Select a root of an onion that is 2 to 3 cm long. Place it on a clean slide: Cut off 1 to 2 cm of the root tip. Discard any remaining upper portion.
Place three drops of 1 N hydrochloric acid on the root tip.
Wait about 1 minute. While you are waiting, heat the slide by passing it back and forth over a flame (CAUTION: Hold the slide with forceps so you won’t burn your fingers. Do not allow the liquid on the slide to boil.) Heat the slide in this way two or three times. Carefully blot off the acid with a strip of paper towel.
Cover the root tip with two or three drops of toluidine blue O stain. Warm the slide for about one minute as you did before. Carefully blot off the excess stain.
Add a drop of fresh stain. Apply a cover glass. Place the slide in a folded paper towel on a hard surface. Press the cover glass with your thumb, using a steady, firm pressure. Be careful not to break the cover glass.
Clean the stain from the slide and cover glass. Examine under low power of your microscope. When you have located the cells, switch to high power. The cells may be stained so darkly that you cannot see the individual parts. If this happens, dilute the stain by placing 1 or 2 drops of water at one edge of the cover glass. Place a piece of paper towel at the opposite edge to pull the water through. Repeat this until you can see the stained portions of the cell.
Find these stages of mitosis:
- The nuclear material forms long, slender threads that are stained. At this stage, the separate chromosomes cannot be identified. They form a loose ball of tangled and twisted threads.
- The individual chromosomes are much shorter and thicker. At this stage, each chromosome has two strands, or chromatids. The strands are held together at the centromere.
- The chromatids have separated and are now two separate groups of chromosomes.
- The two nuclei are present in the cell with strands of chromosomes still visible.
Make simple sketches of what you find. Describe the structures you see.
What problems did you have in making this study?
Study a prepared slide of dividing cells in the onion root tip. (The stain used for the slide is different from the one you used.)
Scan the entire length of the section of root tip, using low power. Where do you observe cells dividing? Where are the cells not dividing?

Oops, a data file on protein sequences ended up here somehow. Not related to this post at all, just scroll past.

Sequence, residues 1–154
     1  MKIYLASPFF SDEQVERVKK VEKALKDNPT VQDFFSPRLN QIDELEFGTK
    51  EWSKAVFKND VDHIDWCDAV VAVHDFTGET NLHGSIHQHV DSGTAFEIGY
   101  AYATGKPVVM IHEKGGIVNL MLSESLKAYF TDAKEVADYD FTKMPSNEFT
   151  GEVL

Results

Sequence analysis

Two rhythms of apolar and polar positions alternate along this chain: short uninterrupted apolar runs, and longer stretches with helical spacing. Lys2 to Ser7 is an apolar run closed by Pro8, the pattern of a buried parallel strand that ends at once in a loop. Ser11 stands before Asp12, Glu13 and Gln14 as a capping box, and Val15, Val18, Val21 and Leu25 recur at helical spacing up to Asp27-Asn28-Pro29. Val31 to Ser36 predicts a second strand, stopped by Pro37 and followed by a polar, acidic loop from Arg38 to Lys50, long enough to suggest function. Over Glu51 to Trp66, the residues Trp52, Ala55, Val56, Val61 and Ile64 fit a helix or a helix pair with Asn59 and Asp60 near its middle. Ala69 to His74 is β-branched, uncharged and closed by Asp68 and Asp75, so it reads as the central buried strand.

Locate some cells in division. Switch to high power and look for the following stages:
- Early appearance of chromosomes in the nucleus. Find round structures that stain at this early stage. These are the nucleoli.
- The chromosomes are easy to see and grouped in the middle of the cell.
- Chromosomes have separated and moved toward the poles.
- A new cell wall is formed between the new cells.
What has happened to the nucleoli?
What is the condition of the nuclear membrane?
Find the spindle. The end of the spindle fibers that are near the center of the cell are attached to the centromeres of the chromosomes. How many chromosomes can you see? What part do you think the spindle fibers play in moving the chromosomes?
Look for the beginning of the new cell wall. Where does it appear?
Cells divide rapidly in embryos (young organisms, at very early stages of development). These cells are good material in which to study mitosis. Carefully examine a prepared slide of either Ascaris (a worm) or whitefish embryos. Look for the following stages:
- The chromosomes are long and threadlike.
- The double chromosomes are attached to spindle fibers at the center of the cell. Look at the poles of the spindle and compare them with those of the plant cells you studied.
- The chromosomes are separating and the cell is pinching in two.
How many individual chromosomes are in one cell? How do the poles of the spindle of an animal cell differ from those of a plant cell?
Compare the separating of chromosomes and dividing of these cells with what you saw in plant cells.
What structures do you see in the dividing animal cell that were present in the dividing plant cell?